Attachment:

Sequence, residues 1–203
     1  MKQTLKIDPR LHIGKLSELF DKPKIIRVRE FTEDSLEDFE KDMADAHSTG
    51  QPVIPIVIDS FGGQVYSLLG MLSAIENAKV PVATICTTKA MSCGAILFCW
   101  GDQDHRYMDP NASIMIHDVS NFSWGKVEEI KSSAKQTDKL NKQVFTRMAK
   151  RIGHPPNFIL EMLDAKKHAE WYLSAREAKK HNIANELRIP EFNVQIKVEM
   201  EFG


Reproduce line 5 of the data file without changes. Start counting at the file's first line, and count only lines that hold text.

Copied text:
   151  RIGHPPNFIL EMLDAKKHAE WYLSAREAKK HNIANELRIP EFNVQIKVEM